Great stuff, until I got to the end; it just sort of stops and leaves you wondering what happens next… After a quick bit of research I found out that it is part of a two book series. Had I known, I might have waited until the second book comes out so I could have listened to them one after the other. I enjoyed it and can’t wait for “All Clear” which is due late 2010.
Connie Willis delivers another fabulous book. Part of her charm is that her books are written in a sort of Victorian style. She is the most decorated Sci/fi fantasy writer of all time. Other quality Fantasy writers like Neil Gaiman have similar styles. If you are looking for a space cowboy traditonal sci-fi novel then you will be disappointed. If you hate her style that is too bad for you. However, the Nebula and Hugo award panel disagree. This one may not win best novel of the year but it is worth listening to or actually reading.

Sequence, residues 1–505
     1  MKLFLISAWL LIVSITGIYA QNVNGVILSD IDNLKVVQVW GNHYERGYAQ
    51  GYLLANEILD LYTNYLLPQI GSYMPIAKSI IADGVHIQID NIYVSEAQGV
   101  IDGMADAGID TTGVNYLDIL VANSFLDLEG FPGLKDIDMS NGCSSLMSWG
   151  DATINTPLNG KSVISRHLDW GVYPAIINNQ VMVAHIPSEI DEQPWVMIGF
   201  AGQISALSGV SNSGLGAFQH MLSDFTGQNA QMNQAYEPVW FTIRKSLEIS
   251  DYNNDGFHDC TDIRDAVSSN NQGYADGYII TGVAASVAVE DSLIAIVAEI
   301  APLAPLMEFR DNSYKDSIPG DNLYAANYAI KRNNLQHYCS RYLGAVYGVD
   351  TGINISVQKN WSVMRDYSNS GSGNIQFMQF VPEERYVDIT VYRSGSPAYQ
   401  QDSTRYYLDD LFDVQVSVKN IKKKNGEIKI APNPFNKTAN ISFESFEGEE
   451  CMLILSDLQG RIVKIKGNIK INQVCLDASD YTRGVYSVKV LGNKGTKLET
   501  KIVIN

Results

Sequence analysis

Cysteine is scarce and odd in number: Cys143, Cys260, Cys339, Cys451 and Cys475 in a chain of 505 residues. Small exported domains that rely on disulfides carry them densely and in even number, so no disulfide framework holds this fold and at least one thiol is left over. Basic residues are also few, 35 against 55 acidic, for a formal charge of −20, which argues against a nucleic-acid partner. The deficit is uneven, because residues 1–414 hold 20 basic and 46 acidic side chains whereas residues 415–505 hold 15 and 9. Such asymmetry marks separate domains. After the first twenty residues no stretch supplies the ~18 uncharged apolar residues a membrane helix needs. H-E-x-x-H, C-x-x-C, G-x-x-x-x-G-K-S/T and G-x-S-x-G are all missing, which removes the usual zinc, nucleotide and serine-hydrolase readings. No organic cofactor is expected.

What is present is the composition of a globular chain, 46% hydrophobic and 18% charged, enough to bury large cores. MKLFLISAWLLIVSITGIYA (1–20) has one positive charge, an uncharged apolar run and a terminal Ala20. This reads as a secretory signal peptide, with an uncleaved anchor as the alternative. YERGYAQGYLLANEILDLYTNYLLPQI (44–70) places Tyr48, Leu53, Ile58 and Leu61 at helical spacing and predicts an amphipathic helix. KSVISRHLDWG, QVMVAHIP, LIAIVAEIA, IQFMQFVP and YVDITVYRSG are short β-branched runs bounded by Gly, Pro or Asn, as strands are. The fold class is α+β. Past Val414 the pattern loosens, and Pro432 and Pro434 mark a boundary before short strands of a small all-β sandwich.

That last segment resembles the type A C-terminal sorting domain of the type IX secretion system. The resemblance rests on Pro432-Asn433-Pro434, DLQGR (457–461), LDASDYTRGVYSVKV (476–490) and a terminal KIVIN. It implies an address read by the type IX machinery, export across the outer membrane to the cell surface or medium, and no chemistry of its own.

It is engrossing. Only bad thing about it is that I have to wait until Fall fot the next half.
OK, so I didn't read the publishers summary and didn't realize that it was the first part of a two part novel. I had to replay the last chapter to make sure I hadn't skipped some major part of the story. Having said that, I had read that the book wasn't really about time travel so much as the characters of war ravaged England and how their daily lives were so dramatically affected by the war. Some of the situations and characters were repetitious, but I still look forward to hearing the second part.
I don't like having to wait so long for the release of the second part. I hope I remember the plot and characters eight months later.